In the writing room right now ...

In the writing room right now ... I have taken down the brown "butcher" paper that held ideas, photos, drawings, and my hand-drawn maps and plot outlines for the past five or six books. I've placed all those items into three-ring binders, and cleared the deck for paintings and photographs that involve courage, as I move forward in GHOSTKEEPER, the new novel set in Lyndonville, Vermont. My 1850 Vermont adventure THE LONG SHADOW is under contract with Five Star/Cengage -- I will give you a publication date as soon as I know! Scribbling lots of poems, too. And there's a possible route to publication of the "Vermont Nancy Drew" novel I built on Wattpad (see right-hand column). Yes, I guess I do like multi-tasking! How about you?

Thursday, December 19, 2013

Vermont = White Bread State? Evidence Says, I Doubt It!

There was a card game we played as kids where you held out a card, hidden, and asserted it was a particular item -- say, a nine of diamonds. Another player could say "I doubt it!" I don't remember all the rules, but I know there were rewards for good bluffs, and rewards for seeing through them. Sometimes local history research feels like the same game.

At every chance I get, I search through old postcards in stores and antiquarian shows, looking for evidence of the "old days" in my part of Vermont. A few months ago I picked up a fairly common picture postcard of Comerford Dam (a Connecticut River dam that changed the history of my small town, Waterford, although it's actually anchored in Barnet VT and Monroe NH). On the back was the message shown here, written in laboriously penned Italian.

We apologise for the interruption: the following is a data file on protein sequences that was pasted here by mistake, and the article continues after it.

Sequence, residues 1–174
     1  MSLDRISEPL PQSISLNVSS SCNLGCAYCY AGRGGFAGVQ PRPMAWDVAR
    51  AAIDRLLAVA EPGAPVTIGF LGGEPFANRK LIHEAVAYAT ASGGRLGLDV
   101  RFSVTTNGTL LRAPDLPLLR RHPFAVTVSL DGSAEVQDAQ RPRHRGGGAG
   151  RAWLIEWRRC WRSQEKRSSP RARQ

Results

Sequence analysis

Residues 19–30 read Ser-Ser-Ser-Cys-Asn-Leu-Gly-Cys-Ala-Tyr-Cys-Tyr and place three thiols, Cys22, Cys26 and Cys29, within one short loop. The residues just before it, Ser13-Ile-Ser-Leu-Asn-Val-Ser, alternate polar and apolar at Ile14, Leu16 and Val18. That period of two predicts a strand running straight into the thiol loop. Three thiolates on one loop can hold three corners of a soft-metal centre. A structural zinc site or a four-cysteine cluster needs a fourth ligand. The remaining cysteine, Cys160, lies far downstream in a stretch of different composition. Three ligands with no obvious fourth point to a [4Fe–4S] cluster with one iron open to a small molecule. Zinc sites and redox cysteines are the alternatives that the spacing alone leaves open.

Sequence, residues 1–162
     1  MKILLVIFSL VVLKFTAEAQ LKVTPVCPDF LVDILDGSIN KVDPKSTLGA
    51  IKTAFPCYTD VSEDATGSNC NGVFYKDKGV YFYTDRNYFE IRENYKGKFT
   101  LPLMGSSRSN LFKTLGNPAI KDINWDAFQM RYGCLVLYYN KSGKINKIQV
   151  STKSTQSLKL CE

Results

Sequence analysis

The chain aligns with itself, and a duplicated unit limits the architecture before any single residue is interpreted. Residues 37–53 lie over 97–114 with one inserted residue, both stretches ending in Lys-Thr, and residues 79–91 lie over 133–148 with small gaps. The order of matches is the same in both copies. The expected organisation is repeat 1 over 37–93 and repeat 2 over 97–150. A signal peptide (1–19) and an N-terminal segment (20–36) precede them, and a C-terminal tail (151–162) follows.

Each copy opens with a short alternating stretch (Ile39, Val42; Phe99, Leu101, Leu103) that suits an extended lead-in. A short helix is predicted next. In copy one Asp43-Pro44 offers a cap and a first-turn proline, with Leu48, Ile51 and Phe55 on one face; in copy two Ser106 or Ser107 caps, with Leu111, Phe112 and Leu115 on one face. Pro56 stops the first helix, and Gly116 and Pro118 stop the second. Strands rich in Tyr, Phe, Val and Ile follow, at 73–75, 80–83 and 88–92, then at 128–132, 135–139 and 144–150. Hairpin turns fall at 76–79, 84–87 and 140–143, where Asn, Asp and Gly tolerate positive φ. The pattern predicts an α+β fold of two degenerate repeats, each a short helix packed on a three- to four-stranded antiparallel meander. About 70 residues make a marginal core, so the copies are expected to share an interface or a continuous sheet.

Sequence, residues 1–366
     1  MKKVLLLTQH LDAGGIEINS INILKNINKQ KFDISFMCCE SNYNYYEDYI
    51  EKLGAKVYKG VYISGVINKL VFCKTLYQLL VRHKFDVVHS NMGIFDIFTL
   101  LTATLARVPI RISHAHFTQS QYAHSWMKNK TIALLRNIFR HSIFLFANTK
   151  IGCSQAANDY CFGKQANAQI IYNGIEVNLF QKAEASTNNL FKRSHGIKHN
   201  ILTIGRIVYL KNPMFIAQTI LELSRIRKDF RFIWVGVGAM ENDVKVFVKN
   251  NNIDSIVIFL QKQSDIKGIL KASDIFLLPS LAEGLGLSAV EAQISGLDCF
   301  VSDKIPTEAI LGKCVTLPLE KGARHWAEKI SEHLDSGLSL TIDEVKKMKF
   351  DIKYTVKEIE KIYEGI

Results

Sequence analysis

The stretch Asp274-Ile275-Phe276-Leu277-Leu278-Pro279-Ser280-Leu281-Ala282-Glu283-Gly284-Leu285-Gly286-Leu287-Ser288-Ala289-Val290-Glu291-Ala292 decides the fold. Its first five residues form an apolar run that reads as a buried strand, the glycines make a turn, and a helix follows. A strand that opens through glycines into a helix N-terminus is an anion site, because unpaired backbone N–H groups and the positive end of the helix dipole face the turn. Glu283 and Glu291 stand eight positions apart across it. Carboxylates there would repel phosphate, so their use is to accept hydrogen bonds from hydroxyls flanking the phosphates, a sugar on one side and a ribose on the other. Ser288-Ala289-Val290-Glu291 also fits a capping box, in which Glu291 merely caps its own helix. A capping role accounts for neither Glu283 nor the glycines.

Teacher Meg Clayton majored in Italian in college, and she translated the card for me, confirming my guess that the writer had some issues with his written Italian -- maybe a working man, not often putting things on paper. I wanted very much to be able to show that the card traveled from a workman in the Northeast Kingdom around 1939, to another Italian speaker in the blue-collar granite town of Barre, Vermont. And some of the pieces are indeed here.

However, here's Meg's actual translation:
Dear Friend,
I want you to know that I am well.  I send well wishes to you with your operation.
Salutations from your friend,
Domenico Zittoli
I went to see this dam.
When I added research into Italian family names in Vermont in 1939, I was able, with much excitement, to find the Zecchinelli family at 15 Central Street in Barre, in both the 1930 and 1940 Census documents. And I discovered that the postcard writer's surname was probably Zottoli, a family well spread through New England at the time.

But I can't find any Zottoli in records of life in northern Vermont in 1939. So, in spite of what I wanted from this card, I have to conclude that Domenico Zottoli may have just been headed home after a visit to Mr. Zecchinelli, and passing through where the dam had recently been built.

Still, I'm not discouraged. This sign below, displayed by the Concord (VT) Historical Society, shows clearly that Italians lived and owned businesses in the Northeast Kingdom of Vermont in the early to mid 1900s.

And that's more evidence for what I'm painting into all of my writing: Vermont might look pretty darned white (especially in winter -- smile). But Vermonters have always been diverse. They answer the call to adventure, in many languages and styles. One hypothesis, not proved; the main theory, emphatically confirmed.

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